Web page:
Were most media outlets connecting any dots between the annual shopathon and the “severe recession” that many economists are forecasting? Were there any warnings to the public to save their rapidly inflating money for the expected hard times? Was there any explanation of how prices have sharply risen and, thus, the discounts – often “teaser” rates just like the ones offered loan victims – are really not all they are cracked up to be?
What about the larger trends? Yes, there has been reporting on how bad things are – but this reality was largely NOT depicted in the “shop now, be happy” coverage. This euphoria was deliberate and deceptive. The Boston Globe did run a story in the B Section where the business news is buried. At the very end of the AP report (not theirs) you read this:
Last year, retailers had a good start during the Thanksgiving weekend, but many stores struggled in December and a shopping surge just before and after Christmas wasn’t enough to make up for lost sales. This year, analysts expect sales gains to be the weakest in five years. Washington-based National Retail Federation predicted that total holiday sales would be up 4 percent for the combined November and December period, the slowest growth since a 1.3 percent rise in 2002.
Holiday sales rose 4.6 percent in 2006 and growth has averaged 4.8 percent over the last decade.
Where were the stories alerting us to this coming calamity on the front pages? They weren’t there. It is not in their interest to carry them, clearly a big No No. It gets worse. MTV pointedly rejected an ad from the Cultural Jammers Network urging a Buy Nothing Day. Commented one blogger, “The station that markets itself as the voice of hip youth has censored the burping pig.”
But why? Their advertising standards representative, Elisa Billis, said, “The spot goes further than we are willing to accept on our channels.” Too radical for self-styled “hip” MTV, which routinely carries military recruiting ads with no qualms.
The Boston Globe did carry a cartoon lampooning local sports mania in a town with
winning teams. In its last panel, set in a mortgage office, a fan is being told he will be able to pay off his Red Sox/Celtics/Patriots tickets in just a few decades.
Many of the shoppers this season are charging it even though all the credit card companies have jacked up rates, driving the real cost of shopping higher, and even though credit balances are at an all-time high. The companies are just waiting for them. The day after Christmas, VISA will report on how much business was done. In years past, they called it “disappointing.”
And then in January, the returns – consumers bringing back purchases and gifts – will start as the bills come due. Experts – including former Treasury Secretary Larry Summers – are warning that the credit card system itself may be the next to fall.
Writes economist Robert Samuelson:
“The specter of the subprime debacle is that it’s just a start. Huge amounts of auto loans, credit-card debt, commercial mortgages and equipment leases have also been securitized. If similar problems emerged, it would shake confidence in the securitization model and, by magnifying investors’ losses, threaten to turn the credit crunch from a slogan into a reality. A broader crisis, though a long shot, can’t be excluded.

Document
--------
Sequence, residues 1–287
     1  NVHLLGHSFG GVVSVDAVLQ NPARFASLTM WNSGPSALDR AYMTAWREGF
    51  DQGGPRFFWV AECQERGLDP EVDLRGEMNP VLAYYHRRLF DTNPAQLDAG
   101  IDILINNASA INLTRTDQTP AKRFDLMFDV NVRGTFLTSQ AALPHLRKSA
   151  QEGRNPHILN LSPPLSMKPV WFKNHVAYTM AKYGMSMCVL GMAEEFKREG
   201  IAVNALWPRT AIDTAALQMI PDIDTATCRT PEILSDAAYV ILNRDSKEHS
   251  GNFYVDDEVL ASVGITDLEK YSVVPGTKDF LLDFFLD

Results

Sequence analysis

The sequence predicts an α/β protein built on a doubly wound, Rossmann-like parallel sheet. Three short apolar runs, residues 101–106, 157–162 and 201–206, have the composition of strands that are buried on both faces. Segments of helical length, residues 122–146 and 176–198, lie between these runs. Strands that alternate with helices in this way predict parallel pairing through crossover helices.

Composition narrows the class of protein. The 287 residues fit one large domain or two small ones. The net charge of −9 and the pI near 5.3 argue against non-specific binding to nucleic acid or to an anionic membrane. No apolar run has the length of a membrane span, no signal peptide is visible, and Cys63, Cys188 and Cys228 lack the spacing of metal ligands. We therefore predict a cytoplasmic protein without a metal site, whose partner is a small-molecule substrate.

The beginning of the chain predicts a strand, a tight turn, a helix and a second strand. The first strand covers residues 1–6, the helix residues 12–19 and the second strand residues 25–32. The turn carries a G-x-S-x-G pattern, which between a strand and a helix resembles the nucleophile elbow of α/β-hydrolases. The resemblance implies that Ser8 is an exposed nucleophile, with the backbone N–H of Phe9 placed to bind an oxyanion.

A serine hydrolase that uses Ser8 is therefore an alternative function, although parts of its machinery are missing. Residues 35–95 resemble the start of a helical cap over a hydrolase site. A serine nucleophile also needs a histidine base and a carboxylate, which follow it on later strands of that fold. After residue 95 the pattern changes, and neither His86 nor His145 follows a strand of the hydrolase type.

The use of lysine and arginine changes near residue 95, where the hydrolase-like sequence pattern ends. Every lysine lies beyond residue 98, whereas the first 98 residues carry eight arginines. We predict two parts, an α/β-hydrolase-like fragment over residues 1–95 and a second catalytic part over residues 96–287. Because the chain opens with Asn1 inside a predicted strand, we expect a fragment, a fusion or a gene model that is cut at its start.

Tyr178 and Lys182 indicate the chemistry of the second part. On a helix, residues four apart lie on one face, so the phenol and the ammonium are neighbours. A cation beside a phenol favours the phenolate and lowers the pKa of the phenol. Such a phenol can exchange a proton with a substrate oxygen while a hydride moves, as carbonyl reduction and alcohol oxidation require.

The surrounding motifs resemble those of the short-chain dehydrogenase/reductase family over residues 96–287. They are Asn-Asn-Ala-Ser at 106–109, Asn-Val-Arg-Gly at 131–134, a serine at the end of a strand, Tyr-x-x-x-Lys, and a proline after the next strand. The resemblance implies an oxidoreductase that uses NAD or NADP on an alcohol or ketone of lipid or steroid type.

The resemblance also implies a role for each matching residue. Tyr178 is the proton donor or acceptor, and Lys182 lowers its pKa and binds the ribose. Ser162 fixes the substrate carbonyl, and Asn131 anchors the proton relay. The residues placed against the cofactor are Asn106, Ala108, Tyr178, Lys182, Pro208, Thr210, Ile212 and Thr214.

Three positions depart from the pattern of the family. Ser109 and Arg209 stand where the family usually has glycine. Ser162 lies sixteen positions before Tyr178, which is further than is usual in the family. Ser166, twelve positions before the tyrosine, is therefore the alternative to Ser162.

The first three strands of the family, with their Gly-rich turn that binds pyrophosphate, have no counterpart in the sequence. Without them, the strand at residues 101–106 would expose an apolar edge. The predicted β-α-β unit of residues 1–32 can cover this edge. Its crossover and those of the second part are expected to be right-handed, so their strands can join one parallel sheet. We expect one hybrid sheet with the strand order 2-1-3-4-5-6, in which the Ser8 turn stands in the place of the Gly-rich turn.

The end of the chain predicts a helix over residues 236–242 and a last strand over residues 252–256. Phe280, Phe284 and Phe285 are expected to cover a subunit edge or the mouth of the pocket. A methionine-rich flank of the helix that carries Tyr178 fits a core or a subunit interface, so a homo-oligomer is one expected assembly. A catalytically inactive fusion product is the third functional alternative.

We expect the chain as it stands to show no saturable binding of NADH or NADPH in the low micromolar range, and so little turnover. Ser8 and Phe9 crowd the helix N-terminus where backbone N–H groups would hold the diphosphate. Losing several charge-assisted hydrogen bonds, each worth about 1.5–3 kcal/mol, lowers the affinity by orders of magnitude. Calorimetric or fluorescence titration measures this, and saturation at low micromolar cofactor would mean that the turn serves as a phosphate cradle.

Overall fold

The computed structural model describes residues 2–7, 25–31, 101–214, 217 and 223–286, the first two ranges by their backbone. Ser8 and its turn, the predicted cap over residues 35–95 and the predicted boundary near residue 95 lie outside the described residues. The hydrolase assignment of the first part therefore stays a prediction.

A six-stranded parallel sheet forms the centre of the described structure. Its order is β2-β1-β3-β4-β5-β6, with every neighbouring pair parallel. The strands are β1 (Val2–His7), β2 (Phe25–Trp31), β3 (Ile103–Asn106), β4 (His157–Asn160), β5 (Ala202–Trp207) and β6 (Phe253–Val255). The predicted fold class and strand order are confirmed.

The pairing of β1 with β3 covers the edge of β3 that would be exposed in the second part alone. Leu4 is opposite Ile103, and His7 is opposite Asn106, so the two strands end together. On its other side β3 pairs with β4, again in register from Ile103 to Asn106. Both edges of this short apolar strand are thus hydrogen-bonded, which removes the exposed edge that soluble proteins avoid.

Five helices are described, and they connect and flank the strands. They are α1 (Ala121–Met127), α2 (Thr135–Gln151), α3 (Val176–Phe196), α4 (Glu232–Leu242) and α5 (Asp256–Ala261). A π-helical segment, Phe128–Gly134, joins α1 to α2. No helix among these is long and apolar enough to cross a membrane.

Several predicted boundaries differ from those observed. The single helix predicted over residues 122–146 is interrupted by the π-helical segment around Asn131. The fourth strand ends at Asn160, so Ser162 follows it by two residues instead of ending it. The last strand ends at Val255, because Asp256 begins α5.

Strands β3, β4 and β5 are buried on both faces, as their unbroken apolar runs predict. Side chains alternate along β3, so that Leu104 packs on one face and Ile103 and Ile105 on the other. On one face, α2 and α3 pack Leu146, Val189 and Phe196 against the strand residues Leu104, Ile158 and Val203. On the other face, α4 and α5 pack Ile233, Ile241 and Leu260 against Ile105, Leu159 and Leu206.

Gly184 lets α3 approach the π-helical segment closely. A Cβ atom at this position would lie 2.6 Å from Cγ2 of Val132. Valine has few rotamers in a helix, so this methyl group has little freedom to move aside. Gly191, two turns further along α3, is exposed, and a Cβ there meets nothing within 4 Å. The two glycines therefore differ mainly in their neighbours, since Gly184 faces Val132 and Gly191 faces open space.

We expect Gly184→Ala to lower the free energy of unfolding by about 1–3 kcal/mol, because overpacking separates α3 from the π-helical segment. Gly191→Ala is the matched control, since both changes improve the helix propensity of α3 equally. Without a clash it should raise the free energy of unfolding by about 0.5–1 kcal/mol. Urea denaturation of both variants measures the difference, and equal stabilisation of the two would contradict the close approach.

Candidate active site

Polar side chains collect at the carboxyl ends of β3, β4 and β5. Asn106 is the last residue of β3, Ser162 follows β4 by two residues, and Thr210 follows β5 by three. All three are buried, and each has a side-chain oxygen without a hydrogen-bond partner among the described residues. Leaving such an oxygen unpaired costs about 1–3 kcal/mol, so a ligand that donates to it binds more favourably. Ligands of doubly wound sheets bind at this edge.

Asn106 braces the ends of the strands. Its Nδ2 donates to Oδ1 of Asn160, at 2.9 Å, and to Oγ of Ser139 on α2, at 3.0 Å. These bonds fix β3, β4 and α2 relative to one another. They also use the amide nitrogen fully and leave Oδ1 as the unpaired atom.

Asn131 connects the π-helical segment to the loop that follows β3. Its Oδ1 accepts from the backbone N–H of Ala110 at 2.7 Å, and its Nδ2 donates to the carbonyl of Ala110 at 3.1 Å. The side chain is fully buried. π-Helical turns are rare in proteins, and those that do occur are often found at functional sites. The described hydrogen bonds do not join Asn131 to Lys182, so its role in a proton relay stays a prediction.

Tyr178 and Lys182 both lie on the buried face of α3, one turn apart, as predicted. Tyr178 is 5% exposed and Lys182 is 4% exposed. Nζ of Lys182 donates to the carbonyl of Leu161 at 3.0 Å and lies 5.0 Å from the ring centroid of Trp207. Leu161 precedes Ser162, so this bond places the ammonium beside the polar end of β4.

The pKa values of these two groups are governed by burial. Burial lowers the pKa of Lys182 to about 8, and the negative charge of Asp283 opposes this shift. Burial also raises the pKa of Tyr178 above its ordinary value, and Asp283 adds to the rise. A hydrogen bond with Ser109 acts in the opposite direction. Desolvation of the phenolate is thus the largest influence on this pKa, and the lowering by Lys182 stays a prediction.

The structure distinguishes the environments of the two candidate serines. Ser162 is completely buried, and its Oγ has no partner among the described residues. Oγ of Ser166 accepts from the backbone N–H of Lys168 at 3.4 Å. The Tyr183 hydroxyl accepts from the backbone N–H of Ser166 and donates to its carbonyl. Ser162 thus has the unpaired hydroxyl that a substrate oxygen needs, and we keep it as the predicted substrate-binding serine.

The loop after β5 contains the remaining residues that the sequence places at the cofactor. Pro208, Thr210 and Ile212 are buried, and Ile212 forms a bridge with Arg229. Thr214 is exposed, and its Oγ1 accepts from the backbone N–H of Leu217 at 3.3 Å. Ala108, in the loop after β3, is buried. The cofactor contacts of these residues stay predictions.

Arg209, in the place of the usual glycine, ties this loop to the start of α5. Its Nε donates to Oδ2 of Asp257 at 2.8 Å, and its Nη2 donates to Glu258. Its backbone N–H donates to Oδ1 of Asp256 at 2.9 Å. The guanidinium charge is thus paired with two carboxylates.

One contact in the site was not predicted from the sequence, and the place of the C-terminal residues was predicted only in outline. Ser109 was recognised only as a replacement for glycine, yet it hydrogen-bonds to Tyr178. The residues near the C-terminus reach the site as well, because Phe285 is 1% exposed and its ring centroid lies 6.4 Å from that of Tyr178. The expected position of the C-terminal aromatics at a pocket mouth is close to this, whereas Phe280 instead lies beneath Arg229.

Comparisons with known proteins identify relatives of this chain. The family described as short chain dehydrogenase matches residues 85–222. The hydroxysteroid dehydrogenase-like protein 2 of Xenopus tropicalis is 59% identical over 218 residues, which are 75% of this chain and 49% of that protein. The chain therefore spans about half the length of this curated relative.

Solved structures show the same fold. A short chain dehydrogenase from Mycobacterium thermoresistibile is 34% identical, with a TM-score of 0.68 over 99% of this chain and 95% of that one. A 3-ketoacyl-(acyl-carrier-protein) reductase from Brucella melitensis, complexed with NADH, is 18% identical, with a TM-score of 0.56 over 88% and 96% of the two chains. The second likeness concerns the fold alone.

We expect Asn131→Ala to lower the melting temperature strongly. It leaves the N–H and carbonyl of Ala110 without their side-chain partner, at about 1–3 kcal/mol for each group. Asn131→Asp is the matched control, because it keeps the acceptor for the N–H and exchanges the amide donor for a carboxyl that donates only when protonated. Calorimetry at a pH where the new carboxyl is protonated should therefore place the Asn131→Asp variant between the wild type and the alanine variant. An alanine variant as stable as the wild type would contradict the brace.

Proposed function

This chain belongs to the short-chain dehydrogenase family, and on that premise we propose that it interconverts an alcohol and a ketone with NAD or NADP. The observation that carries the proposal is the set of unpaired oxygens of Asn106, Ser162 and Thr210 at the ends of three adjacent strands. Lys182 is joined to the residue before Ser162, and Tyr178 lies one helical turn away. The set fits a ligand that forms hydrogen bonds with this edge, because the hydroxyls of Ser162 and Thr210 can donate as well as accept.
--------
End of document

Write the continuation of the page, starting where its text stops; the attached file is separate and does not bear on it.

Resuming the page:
Thanksgiving this year fell on the anniversary of the John F. Kennedy assassination. The New York Times predictably marked the event with one more op-ed article – one in a long line – assuring us that there was no conspiracy. (Even as 80% of the public continues to believe that Lee Harvey Oswald did not act alone.) In some ways obsessive debt-creating consumption patterns are a form of self-assassination as a nation of shoppers shoots holes in their financial futures.
While they discredit suggestions of a past conspiracy, they seem to be ignoring a current one. That involves the steady decline of our economy, thanks to illegal practices through white-collar predatory lenders backed by our biggest banks and hedge funds, as well as the inability of regulators to regulate, and a complicit media to blow the whistle, which caused a multi-billion dollar economic crime that is still in progress.
So what happened? Was the day the big success we were told it would be by the media’s relentless upbeat coverage? In a culture where perception itself is carefully managed, Black Friday didn’t appear to be dark at all. On Friday night, after a day of boosterism disguised as journalism, retailers and media promoters were, like President Bush in Iraq, proclaiming victory – “mission accomplished.”
Not so fast.
Yes, Black Friday showed better results than expected, but the retail industry afterward said it still expected a weak Christmas. Remember, the stores were open longer than ever and the advertising/ hype was more pervasive. Also. the discounting was deeper and the bargains more extensive. We know that the sales were up, but what about the returns and expected credit card defaults?
The New York Times sent reporters into the stores and found “desperation rather than celebration.” By Monday, Wall Street was glum, according to Fox News: “So much for a ‘Black Friday’ bounce for Wall Street. Instead, negative market sentiment and another ugly day for financial stocks sent the Dow plunging 237 points lower.”